In mid-August 2014, Coronado demonstrated the ability to rapidly stage and deploy US Marine Corps ground units. Marine Light Attack Helicopter Squadrons 469 and 303 conducted day and night deck-landing qualifications in preparation for an airborne raid. The Independence-class LCS' features of high speed, a large flight deck, and configurable mission bay can support air and small-boat employment and delivery of Marine ground and air tactical units; a small Marine ground unit can be carried with an embarked mission module.[20]

On 16 October 2014, the Navy announced Coronado conducted dynamic interface testing with the MQ-8B Fire Scout unmanned helicopter. The tests familiarized the crew with operating the unmanned aircraft, verified and expanded launch and recovery envelopes, and identified opportunities for envelope expansion to demonstrate future concepts of operations for the aircraft aboard an LCS using the Fire Scout in all three mission packages. Final Contract Trials (FCT) for the ship were completed in June 2014, and Coronado is scheduled to begin Post Shakedown Availability in October 2014.[21]

Active service: 2016–2022[edit]

Coronado undergoing final retrofit in Mobile on 1 September 2012

On 19 July 2016, while participating in the Rim of the Pacific Exercise, Coronado conducted a live-fire missile test of a Block 1C Harpoon anti-ship missile.[22] While the missile failed to destroy its target, the test validated the ability to launch high-powered missiles from the forward deck of a littoral combat ship.[22]

On 16 October 2016, Coronado arrived in Singapore for a scheduled rotational deployment to the Indo-Asia-Pacific region. This was the first Independence-class LCS deployment to the region, the first deployment of the MQ-8B fitted with the Telephonics AN/ZPY-4(V)1 radar, and the first deployment of an LCS platform with an over-the-horizon anti-ship capability in the form of a four-cell RGM-84D Harpoon Block 1C missile launcher.[23][24]

February 2020, the Navy announced the retirement of both Independence and Coronado after ten and six years of service respectively.[25] The decision came after the Navy discovered cracks in the hull in late 2019, which were exacerbated when the ship sailed at speeds greater than 15 knots (28 km/h; 17 mph) in heavy seas. Evaluations of other Independence-class ships have revealed a further five hulls that are suffering from the same problem, out of the first thirteen vessels of the class. Those other vessels remain in service, albeit with limitations imposed on top speeds in higher sea states.[26]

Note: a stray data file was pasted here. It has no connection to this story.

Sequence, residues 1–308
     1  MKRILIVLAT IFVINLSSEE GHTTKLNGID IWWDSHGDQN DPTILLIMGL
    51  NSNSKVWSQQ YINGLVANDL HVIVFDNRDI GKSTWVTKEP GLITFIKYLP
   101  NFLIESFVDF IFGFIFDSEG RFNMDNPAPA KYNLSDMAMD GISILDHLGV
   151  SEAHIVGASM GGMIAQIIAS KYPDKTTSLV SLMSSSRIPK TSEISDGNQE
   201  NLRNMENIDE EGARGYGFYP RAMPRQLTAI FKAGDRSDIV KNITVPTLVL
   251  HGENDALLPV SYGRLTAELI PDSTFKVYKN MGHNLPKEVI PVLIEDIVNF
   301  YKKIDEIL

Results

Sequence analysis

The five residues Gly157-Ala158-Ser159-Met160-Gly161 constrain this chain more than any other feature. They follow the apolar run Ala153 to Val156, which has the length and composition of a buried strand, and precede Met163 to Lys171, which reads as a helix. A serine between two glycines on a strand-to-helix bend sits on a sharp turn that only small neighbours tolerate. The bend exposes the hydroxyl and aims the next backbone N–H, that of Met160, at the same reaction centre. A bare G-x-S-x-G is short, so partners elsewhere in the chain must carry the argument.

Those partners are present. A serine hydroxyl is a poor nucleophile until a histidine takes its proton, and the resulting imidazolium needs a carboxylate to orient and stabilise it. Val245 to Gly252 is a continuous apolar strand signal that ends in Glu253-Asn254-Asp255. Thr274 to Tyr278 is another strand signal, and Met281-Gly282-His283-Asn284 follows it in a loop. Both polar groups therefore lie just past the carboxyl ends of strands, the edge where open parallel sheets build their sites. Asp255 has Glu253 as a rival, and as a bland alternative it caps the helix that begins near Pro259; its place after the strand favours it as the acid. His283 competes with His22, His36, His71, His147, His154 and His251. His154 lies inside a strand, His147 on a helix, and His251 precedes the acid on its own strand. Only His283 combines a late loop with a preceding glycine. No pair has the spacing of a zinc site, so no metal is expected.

On 17 March 2020, United States Pacific Fleet reported a crew member of Coronado tested 'positive' for COVID-19, one of the initial ships in the US Navy to report a case.[27] The Coronado crew were at their home port in San Diego, so the sailor quarantined at home.[27] By 26 March 2020, a further eight sailors had tested positive and over thirty had been quarantined in an attempt to contain the spread of the virus.[28]

On 20 June 2020, the US Navy announced they would be taking Coronado out of commission in March 2021, and placing her, along with the littoral combat ships Freedom, Independence, and Fort Worth in reserve.[29][30] The ship's decommissioning was deferred, and on 18 June 2021, Naval News reported that Coronado would be inactivated in FY 2022 and put on the Out of Commission in Reserve (OCIR) list.[31] Coronado nevertheless took part in Portland Fleet Week 2022, on 8-12 June, along with destroyer USS Michael Monsoor, three US Coast Guard cutters and a pair of Royal Canadian Navy ships.[32]

Coronado was decommissioned on 14 September 2022 at San Diego, California. The ceremony’s guest speaker was Rear Admiral Wayne Baze, commander of Expeditionary Strike Group 3.[4][33]

References[edit]

  1. ^ Reed, John (17 January 2012). "The Navy's Newest LCS Launches". DefenseTech.org. Retrieved 16 May 2015.
  2. ^ a b c d e f g h "Coronado (LCS 4)". Naval Vessel Register. Retrieved 25 July 2016.
  3. ^ a b c d e Senior Chief Mass Communication Specialist Donnie W. Ryan (5 April 2014). "USS Coronado Commissioned in Namesake City" (Press release). United States Navy. NNS140405-05. Retrieved 10 December 2015.
  4. ^ a b "USS Coronado (LCS 4) Decommissions" (Press release). United States Navy. 14 September 2022. Retrieved 15 September 2022.
  5. ^ a b Department of the Navy (12 March 2009). "Navy Names Littoral Combat Ship USS Coronado" (Press release). Navy News Service. NNS090312-19. Retrieved 10 December 2015.